Farmers are expected to know and understand every element of farm business, from livestock management to soil science to cash flow – but few of us know it all, and further training could be the answer.
With the exam season upon us and families around the country feeling the strain of teenage stress, I was wondering how many of us ‘oldies’ in the agricultural industry would readily take up more education if offered? So asks Openfield’s head of compliance, shipping & research, Cecilia Pryce.
I am aware that there are many new ‘online’ courses that need to be worked through by operators of all sorts – not limited to how to use a pig board. But honestly, what educational courses do you feel you are missing?
Education is a buzz word that gets much airtime, but where are the real blanks and where are the easy fixes? The subject of agriculture covers such a broad spectrum, which is then frustrated further by the variation in the base level of education within the industry and the number of individuals in any one farming unit. How many industries can you think of where so much is expected from one or two individuals? Farmers cover subject matters from livestock management, chemicals, agronomy, contract awareness, cash flow, mechanics, soil science, form filling etc., and that’s before you add parenting and daily survival. In fact, could I be as bold as to say farming has one of the most diverse combinations of skill sets of any job sector?
With this in mind, when the cry goes out for better or more education, where do we start? Are we advocating the education of the general public about the importance of farmers and farming, or are we aiming to improve the education of those working within the sector?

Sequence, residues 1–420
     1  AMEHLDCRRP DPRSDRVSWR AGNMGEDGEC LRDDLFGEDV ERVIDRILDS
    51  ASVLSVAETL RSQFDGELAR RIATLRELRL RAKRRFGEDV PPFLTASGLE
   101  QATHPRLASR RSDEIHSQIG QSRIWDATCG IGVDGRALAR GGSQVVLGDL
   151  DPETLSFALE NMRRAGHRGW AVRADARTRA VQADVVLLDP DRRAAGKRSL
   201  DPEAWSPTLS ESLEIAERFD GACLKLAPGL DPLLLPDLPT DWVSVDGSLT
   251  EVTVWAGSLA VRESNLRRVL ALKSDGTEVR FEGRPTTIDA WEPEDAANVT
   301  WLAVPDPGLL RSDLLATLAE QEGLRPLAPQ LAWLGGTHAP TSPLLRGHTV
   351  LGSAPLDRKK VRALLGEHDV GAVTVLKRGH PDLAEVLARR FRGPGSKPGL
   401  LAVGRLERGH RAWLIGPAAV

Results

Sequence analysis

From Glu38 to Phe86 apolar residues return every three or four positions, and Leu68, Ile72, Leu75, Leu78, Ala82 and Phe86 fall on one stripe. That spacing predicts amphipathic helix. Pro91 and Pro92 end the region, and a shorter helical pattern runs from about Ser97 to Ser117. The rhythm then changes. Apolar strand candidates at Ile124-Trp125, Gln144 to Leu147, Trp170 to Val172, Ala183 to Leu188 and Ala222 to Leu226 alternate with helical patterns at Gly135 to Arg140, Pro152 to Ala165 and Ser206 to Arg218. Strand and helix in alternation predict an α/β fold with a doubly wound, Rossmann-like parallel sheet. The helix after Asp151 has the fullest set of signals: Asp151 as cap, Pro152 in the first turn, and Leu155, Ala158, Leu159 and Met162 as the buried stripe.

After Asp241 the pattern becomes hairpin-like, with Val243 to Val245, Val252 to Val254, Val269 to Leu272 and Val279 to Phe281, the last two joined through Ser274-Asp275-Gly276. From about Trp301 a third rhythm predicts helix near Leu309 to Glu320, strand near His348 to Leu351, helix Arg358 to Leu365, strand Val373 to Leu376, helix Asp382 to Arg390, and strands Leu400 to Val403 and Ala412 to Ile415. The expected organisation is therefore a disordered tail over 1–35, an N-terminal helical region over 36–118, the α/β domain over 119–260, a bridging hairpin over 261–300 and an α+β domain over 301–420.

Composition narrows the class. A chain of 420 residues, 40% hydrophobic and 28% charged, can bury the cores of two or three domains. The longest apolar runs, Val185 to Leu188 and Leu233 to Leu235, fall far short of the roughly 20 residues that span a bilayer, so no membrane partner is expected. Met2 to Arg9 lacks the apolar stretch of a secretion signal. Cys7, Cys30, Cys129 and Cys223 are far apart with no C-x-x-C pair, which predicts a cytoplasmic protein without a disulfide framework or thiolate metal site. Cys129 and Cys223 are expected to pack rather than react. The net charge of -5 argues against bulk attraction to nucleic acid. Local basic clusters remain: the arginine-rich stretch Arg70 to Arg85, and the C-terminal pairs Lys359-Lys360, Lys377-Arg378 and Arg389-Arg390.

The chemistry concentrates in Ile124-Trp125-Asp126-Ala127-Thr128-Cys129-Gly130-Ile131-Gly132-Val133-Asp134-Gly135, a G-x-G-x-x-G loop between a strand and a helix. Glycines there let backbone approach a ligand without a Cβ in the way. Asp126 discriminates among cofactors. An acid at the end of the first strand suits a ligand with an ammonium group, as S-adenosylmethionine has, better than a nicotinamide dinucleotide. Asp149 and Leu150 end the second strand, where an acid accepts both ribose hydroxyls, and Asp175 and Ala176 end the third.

The general public may be the easier ticket, but only if the audience has the desire to listen. The historical stigma of the farming community is very mixed; but with the current price rises, we may be just about to be given the platform we have long awaited – but it will take some managing. Where do you start? What do you teach them? Who is the focus group? Do we have a rally to arms from everyone involved in the sector? Reality is, you will only ever make an impact on those that are interested – but what generates that initial interest? While food is readily available, it is probably the power of the media we need to turn to, but what is the story we sell?
Similarly, how many of you reading this have ever gone looking for a course that may help you? How many of you have turned down an invitation to attend a presentation or looked at an invitation and thought of other ways you could spend your day, rather than thought “I could learn something from that”. I do feel the desire to learn has to come from within and a fear that you don’t want to be left behind. To not understand something is normal – we all learn, and we all have to take instruction from someone. Who taught you to walk, talk, drive, reverse a trailer? Who taught you to use your latest phone? For that last one, I’d hedge my bets that it’s the person you yourself taught to walk and talk, and still have the pleasure of teaching to drive and to reverse the trailer… UK agriculture needs as much education at every level it can get; but we have to ask for it and be hungry for it, and that starts with acknowledging our own shortcomings.
Early May brought a reduction in UK nitrogen prices as the new season reset was launched, although restricted tonnages were offered into the market, says Openfield’s fertiliser manager Lucy Hassall. Despite an expectation that there would be some reluctancy to buy all requirements, we saw a big uptake in purchases and the market ran extremely well, selling out of allocated tonnes
within hours. There were very little offers on imported grades, with UK nitrogen being so competitively priced and supply remaining tight. One of the main concerns leading up to the new season reset was the availability of sulphur grades, with CF currently not producing NS grades and very few imported options currently available.
Many growers have switched programmes to include the use of polysulphate; mined in the UK, this grade is an excellent source of sulphur and also contains potassium, magnesium, calcium
and trace elements such as boron. Polysulphate has a prolonged nutrient release of up to 50 days which results in the crop taking up the nutrients more efficiently over a longer period of time with less leaching.